loriborealis loriborealis 7 years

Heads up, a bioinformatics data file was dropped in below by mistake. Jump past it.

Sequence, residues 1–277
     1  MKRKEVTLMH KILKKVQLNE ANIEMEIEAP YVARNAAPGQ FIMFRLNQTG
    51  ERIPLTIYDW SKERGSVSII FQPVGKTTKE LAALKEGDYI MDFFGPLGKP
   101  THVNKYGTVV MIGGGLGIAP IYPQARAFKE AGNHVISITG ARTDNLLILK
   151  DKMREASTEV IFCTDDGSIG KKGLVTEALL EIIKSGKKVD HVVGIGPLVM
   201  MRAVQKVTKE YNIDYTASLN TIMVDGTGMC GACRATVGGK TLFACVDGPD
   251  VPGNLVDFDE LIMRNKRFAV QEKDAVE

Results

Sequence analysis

"Under 35"? ...but there's also Generation X. That's the generation I'm in - I will be 39 in a week. You also mentioned Pearl Jam as a "modern band". They became big when I was 21 years old, which was18 years ago. Eddie Vedder is a baby boomer himself, having been born in 1964. Having said ALL that - I do understand somewhat where you're coming from. I think lumping everything as "baby boomer" though could have been avoided. I was born in 1971, in the middle of Gen X. I grew up listening to every form of rock imaginable - including classic rock like the bands you mentioned. I was a teen in the 80s so I also listened to new wave, punk, thrash metal, hair metal, pop -- then alternative in the 90s. I have always loved music and kind of got away from the newer stuff the last few years. It happens as you get older, for different reasons. But since music has always been one of my big passions, I have really tried the last few months to listen to newer stuff. One problem at least for me is that technology has changed SO MUCH in the last 10 years. I grew up in a time when you had vinyl albums and cassettes. CDs didn't even really become the norm until the early 90s, so I was already in my 20s. Of course, I easily switched to CD - and have ripped and burned CDs into the computer, etc., but I find the plethora of websites, etc, somewhat daunting. My preferred format is radio just because it's so easy, but I have been trying to find good websites with new music as well, because the radio format also has its limitations. I'm around 40, and that's my main issue with finding new music, is just ALL the options - and if you're out of the "scene" for a while it can be hard to come back and know where to start looking. So... that's probably a big issue for many people. Radio and the way music is distributed today is just not the same as it was. You have to do some digging and older people many times don't have the inclination to do that much digging. Things really change as you get older. So... that leads me to a question: what are some really good sites that showcase new music?? I really have been searching and have found a few, including Buzz Sugar, which I get in my RSS feed. I feel a little more "hip" with my current music knowledge than I did a few months ago. LOL! For the record, I LOVE John Mayer and have since I first heard him, around 2001 or 2002. Also even bought a Maroon 5 CD a few years ago (yay!) I also like bands like Phoenix, the Killers, Kings of Leon and the White Stripes (are the White Stripes still current? I'm so old... LOL ... but pretty much I love anything Jack White...). So anyway - it really may just be an issue of lack of access for many people. They get busy, have jobs, careers, families.... I'm one person who hung out with musicians when I was a teen/early 20s, I'm single, no kids, and even I fell out of the loop for a while. I think maybe if older people knew where to REALLY hear newer music (other than the radio, which only skims the surface of music), then there might be more of us interested in newer music. If you have any website recommendations, I'd love to hear them!